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I’ve been testing the Spark Core for about 1 week now.

My Verizon Cell Phone is my houses WiFi Hot Spot, I have unlimited data and easily use up 100 GB per month, super fast data speeds on 4G. I take my phone with me when I leave so I’m moving the Phone/Hot Spot multiple times a day unlike a stationary Wireless router which is much more stable.

If I leave my phone sit and the WiFi on then I can get the Spark Core to stay connect for 24 hours straight also. But a reset will always been needed eventually.

One thing I want to use the Spark Core for is for sending sensor data to the cloud so it can be viewed online, I want to set the sensor up and never touch it again. So for now I’m just going to wait for the fix to begin doing that because unlike others who have non mobile wifi points I usually will have to reset the core a few times a day if I’m in and out of the house a few times a day. I don’t plan on paying for a home based internet connection so the only solution for me is to be patient for the fix or rig up a external Watchdog timer for the ATTiny 85 in the mean time.

It’s very cool to see the Spark Core sending data to be logged, graphed, and displayed online in a nice clean interface. I can’t wait to integrate this technology into my current and future product line.

Thanks for every bodies feedback, its all interesting.

Oh well if the hotspot is coming and going, yeah, there may be issue! I know they’re working very hard on making the reliably try to reconnect and recover from failures, so I don’t think we’re that far away. :smile:

Rigging up an AVR to reset the Core for now might not be a bad option. ATtiny’s are only a couple of dollars, you could also get a full ATmega328 and plug it straight into your Arduino Uno, program it and then hook it straight up to the Core (5V, GND, One GPIO and Reset). You’d only need a resistor divider to bring the 5V output down to 3V3 on the reset pin (no external crystal needed, the ATmega328 will just run slower with the built in oscillator).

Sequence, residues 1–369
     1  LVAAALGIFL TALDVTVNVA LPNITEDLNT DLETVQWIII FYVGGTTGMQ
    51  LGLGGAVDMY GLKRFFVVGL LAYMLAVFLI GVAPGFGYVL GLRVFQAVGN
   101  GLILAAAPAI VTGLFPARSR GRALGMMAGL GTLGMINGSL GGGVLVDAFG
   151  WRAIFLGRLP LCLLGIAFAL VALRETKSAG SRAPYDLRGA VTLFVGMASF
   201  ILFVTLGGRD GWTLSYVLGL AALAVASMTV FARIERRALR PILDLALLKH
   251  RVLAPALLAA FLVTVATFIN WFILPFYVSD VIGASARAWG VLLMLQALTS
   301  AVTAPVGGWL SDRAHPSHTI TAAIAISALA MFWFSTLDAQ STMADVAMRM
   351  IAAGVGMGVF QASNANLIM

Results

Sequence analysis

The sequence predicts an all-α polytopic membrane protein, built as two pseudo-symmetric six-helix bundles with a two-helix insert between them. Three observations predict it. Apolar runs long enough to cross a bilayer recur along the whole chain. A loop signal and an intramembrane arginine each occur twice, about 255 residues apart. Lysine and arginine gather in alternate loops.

You can find the ATmega328’s with Uno Bootloader on Amazon for $6 with free Prime shipping and $3 non-prime. Virtualbotix even has a complete “Arduino on a Breadboard” kit for $8 w/ Prime!

Hell, if you needed I could even program up this DIP package MSP430(G2452) to act as a Watchdog Timer and drop it in the mail for you (free of course); I’ve literally got a bunch laying around. It runs on 3.3V so you’d literally hook it directly to the Core, zero extra parts required!

[If anyone else is interested in one I’ll do it for the cost of the chip ($2) and postage.]

If you have a test environment that produces a lot of CFOD Please try this test file and report back:

Use http://nscdg.com/spark/0_inact_20_sec_recovery_log_core-firmware.zip2

This has recovery code in it to detect the CFOD and does a reconnect in about 20 second total.

I have ran it for over 72 hours with no issues (hangs or faults) and recovers from network issues in 20 seconds.!

It will Log CFOD;s as

0000164364: void SPARK_WLAN_Loop() (582):Resetting CC3000 due to 2 failed connect attempts

The test will send a udp packet every 60 seconds to 10.10.0.1 and also does an http get of a lot (3880+ bytes) of data from nscdg.com

Log data goes to Serial1 (3.3V tx,rx pins)

All the log data is critical, because the faults are logged after being detected and mitigated so they do not sent the CPU into a hardfault. Please send the logs and LED observations. (if it dies in a red …—… Blink N …—…)

1(Faults,RGB_COLOR_RED,HardFault) 12 (Faults,RGB_COLOR_RED,NMIFault)
3 (Faults,RGB_COLOR_RED,MemManage)4 (Faults,RGB_COLOR_RED,BusFault)
5 (Faults,RGB_COLOR_RED,UsageFault)
6 (Cloud,RGB_COLOR_RED,InvalidLenth)
7 (System,RGB_COLOR_RED,Exit)
8 (System,RGB_COLOR_RED,OutOfHeap)
9 (System,RGB_COLOR_RED,SPIOverRun)
10 (Softare,RGB_COLOR_RED,AssertionFailure)11 (Softare,RGB_COLOR_RED,InvalidCase)

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@david_s5

Can you please link me to some instructions on how to flash this new firmware to my Spark? I’m capable but do need some sort of step by step instructions to follow.

I would much rather try this code than rig up a ATTiny 85 for now.

@RWB

see

https://github.com/spark/core-firmware/blob/master/README.md#3-device-firmware-upgrade-utilities

And

https://github.com/spark/core-firmware/blob/master/README.md#4-flash-it